NAHC has expressed that real solutions to the ALJ hearing crisis lie at the source of the problem. ALJ hearings are sought because appellants believe that earlier decisions by Medicare contractors are flawed. At the Forum, OMHA presented data on claim denials and appeals at earlier stages of the process. In FY2012, there were 15.9 million claim denials on 207 million claims under Part A Medicare with 120 million denials on 1 billion claims under Part B. RACs issued 634,000 of the Part A denials and 850,000 of those under Part B. At the first level of appeal, there were 583,000 processed under Part A and 2.9 million under Part B. Home health appeals represented 19% of the Part A appeals with only a 3.9% reversal rate. There were 234,000 Reconsideration appeals under Part A with 26% coming from home health at a paltry 1.4% reversal rate.
Clearly, the ALJ workload is directly related to the increased volume of claims denied by MACs, ZPIC, and RACs along with the low reversal rates at Redetermination and Reconsideration appeal steps. An improvement in the quality of initial decisions and the early-stage administrative appeals could greatly mitigate the need for ALJ hearings.
NAHC has recommended the following reforms to address the current appeal crisis and future appeal needs:
Improve initial claim determinations by Medicare contractors. NAHC recently presented CMS with hard evidence that a ZPIC is using wholly illegal coverage criteria to review home health services claims. CMS is working to correct the ZPIC’s wholesale misunderstanding on Medicare coverage standards. Reducing erroneous initial determinations addresses the root cause of the high increase in appeals volume.
Improve the quality and accuracy of Redeterminations and Reconsiderations. The very low reversal rates on home health claims at the early appeals stages triggers more appeals to ALJs. Home health agencies report a high success rate before ALJs. If more appropriate decisions are issued at the earlier appeals, the need for ALJ hearings decreases.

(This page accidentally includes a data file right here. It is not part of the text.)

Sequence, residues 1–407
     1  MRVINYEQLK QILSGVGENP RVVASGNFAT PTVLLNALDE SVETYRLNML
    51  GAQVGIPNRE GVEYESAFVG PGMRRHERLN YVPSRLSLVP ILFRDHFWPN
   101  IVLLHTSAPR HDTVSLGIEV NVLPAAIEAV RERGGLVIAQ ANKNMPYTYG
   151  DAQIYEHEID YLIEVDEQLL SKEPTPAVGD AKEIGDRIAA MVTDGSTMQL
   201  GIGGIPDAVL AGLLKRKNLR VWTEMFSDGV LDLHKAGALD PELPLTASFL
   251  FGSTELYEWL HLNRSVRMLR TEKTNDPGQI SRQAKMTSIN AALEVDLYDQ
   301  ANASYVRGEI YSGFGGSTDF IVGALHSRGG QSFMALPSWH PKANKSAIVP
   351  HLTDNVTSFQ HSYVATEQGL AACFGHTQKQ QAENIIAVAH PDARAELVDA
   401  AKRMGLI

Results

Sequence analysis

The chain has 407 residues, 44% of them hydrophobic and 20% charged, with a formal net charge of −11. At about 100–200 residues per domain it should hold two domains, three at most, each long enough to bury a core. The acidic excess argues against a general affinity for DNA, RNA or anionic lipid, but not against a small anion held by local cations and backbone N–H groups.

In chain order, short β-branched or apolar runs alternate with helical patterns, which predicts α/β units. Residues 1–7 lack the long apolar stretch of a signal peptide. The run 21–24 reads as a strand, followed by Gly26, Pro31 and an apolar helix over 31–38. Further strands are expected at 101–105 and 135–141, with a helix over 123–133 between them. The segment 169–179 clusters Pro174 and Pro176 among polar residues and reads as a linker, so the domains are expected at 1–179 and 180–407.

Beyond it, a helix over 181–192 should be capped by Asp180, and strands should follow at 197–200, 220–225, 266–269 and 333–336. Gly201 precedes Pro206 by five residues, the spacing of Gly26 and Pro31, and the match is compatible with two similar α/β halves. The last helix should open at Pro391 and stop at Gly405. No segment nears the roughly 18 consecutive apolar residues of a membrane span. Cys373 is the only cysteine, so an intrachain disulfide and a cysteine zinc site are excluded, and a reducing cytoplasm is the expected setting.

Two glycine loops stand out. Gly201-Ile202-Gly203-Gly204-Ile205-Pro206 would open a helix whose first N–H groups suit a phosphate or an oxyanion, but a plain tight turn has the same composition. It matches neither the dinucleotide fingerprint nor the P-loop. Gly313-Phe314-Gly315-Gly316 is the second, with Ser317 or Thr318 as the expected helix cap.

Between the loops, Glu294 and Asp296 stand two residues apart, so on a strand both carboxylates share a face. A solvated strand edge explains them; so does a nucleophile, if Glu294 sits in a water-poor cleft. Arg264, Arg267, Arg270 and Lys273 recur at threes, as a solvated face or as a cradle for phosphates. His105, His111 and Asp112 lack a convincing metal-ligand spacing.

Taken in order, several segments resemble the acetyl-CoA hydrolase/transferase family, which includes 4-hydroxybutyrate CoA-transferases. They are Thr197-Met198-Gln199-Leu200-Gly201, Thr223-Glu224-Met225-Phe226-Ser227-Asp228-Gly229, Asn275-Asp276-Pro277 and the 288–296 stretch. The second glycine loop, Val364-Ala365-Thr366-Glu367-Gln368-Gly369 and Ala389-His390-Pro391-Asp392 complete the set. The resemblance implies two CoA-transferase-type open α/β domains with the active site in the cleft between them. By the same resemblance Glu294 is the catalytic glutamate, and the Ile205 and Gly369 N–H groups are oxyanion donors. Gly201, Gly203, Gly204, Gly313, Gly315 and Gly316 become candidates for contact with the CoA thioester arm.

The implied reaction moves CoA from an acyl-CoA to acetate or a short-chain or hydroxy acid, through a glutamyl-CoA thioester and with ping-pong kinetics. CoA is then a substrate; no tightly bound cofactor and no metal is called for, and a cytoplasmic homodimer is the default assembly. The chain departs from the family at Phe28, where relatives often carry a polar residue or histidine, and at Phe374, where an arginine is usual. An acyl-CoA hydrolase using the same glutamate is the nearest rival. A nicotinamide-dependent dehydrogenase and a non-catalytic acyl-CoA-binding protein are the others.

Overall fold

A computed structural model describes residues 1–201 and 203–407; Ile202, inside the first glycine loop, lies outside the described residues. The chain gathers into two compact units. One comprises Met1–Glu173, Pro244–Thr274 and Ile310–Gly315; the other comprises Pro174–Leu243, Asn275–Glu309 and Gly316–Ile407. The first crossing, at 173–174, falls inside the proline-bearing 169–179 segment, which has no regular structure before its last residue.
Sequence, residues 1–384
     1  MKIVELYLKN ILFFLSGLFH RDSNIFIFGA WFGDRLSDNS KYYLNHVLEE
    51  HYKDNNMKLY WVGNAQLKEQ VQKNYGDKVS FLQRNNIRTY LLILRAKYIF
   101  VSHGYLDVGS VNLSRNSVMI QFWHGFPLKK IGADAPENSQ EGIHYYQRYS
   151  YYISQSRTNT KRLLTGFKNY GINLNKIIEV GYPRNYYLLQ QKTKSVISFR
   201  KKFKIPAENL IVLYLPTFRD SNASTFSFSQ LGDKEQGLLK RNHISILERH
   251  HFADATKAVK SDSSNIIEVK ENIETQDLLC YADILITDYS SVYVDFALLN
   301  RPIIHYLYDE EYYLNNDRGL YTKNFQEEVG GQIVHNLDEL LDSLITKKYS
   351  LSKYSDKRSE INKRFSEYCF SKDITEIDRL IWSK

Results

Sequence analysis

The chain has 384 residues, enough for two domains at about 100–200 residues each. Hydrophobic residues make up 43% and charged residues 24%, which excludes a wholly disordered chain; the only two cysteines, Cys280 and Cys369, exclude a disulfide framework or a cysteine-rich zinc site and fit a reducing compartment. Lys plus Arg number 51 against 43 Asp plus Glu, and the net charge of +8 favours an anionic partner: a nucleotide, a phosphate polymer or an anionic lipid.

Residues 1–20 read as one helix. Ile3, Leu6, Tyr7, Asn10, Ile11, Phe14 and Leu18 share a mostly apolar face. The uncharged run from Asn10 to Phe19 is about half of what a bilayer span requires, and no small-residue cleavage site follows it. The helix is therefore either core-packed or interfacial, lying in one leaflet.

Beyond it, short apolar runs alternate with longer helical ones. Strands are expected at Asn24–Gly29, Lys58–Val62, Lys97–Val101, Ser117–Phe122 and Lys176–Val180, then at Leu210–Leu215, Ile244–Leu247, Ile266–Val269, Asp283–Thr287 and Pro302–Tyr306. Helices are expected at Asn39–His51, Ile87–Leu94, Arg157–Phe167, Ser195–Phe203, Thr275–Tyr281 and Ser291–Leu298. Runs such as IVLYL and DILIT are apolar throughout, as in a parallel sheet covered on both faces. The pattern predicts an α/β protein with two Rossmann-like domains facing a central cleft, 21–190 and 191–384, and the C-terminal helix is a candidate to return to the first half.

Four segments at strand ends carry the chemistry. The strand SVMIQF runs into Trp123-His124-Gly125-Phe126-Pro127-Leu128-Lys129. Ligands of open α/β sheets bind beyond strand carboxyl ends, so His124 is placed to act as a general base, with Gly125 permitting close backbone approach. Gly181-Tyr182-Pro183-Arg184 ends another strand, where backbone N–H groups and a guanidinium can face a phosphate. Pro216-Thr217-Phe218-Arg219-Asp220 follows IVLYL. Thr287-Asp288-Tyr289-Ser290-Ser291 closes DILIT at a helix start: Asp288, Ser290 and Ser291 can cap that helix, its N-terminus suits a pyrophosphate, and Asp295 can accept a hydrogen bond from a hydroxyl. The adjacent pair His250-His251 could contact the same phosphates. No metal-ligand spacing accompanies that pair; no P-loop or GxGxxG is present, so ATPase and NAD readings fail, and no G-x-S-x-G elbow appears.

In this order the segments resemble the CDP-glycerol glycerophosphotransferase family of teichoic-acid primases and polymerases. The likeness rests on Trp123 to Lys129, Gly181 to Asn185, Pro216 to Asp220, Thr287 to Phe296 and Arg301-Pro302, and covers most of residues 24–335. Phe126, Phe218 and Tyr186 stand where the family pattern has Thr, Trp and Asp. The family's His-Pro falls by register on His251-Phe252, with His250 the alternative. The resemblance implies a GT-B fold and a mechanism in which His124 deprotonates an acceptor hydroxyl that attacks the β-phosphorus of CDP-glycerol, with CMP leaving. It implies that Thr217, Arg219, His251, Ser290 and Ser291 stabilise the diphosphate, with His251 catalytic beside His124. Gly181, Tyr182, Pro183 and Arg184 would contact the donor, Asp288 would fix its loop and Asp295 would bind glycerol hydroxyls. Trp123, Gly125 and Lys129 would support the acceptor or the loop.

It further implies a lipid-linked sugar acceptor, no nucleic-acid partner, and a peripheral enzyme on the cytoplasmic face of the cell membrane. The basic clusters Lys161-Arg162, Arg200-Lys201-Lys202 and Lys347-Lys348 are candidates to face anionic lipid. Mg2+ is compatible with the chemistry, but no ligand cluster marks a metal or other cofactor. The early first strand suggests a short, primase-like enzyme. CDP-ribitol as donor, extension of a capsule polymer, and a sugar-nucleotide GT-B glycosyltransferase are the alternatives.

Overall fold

Reduce post pay claims reviews. HHAs report a surge in claims reviews combined with unsupportable decisions. The volume of face-to-face encounter related denials has grown exponentially. If CMS revised and clarified its documentation demands, claims reviews and denials would drop significantly.
Offer a settlement option on ALJ appeals that is correlated with average reversal rates. This approach would reduce appeals greatly although a settlement would not provide a 100% win for providers.
Withhold recovery of alleged overpayments and waive interest charges pending the ALJ decision. With expected wait times of 30+ months, providers should not have to pay back a disputed claim until the appeal is completed.
Require state Medicaid programs that pursue Medicare payment on dual-eligibles to use a sampling process for appeal adjudication. CMS offered a demonstration project for several years where states could reconcile disputes with Medicare through a sample of appeals. CMS abandoned that effort despite its efficiency.
All provider sectors are concerned about the ALJ hearing backlog. NAHC has met with Congressional committees that are looking for solutions to this crisis. It is apparent that the hiring of legions of new ALJs is not happening in the near term. Even if there were funding for hundreds of more ALJs, the training and implementation time is such that the backlog would grow by multiples of 3 to 5 before it is under control. NAHC will continue to press for systemic changes throughout the Medicare decisions process to bring about effective improvements.